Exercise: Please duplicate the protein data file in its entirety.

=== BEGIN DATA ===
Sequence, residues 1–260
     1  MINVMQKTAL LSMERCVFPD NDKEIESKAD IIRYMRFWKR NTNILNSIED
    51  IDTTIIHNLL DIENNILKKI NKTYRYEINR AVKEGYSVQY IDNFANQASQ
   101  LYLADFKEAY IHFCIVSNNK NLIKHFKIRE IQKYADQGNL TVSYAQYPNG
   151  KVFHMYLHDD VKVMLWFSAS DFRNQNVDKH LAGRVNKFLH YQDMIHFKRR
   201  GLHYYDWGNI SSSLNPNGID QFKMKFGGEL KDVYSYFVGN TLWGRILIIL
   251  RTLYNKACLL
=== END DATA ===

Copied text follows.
Sequence, residues 1–260
     1  MINVMQKTAL LSMERCVFPD NDKEIESKAD IIRYMRFWKR NTNILNSIED
    51  IDTTIIHNLL DIENNILKKI NKTYRYEINR AVKEGYSVQY IDNFANQASQ
   101  LYLADFKEAY IHFCIVSNNK NLIKHFKIRE IQKYADQGNL TVSYAQYPNG
   151  KVFHMYLHDD VKVMLWFSAS DFRNQNVDKH LAGRVNKFLH YQDMIHFKRR
   201  GLHYYDWGNI SSSLNPNGID QFKMKFGGEL KDVYSYFVGN TLWGRILIIL
   251  RTLYNKACLL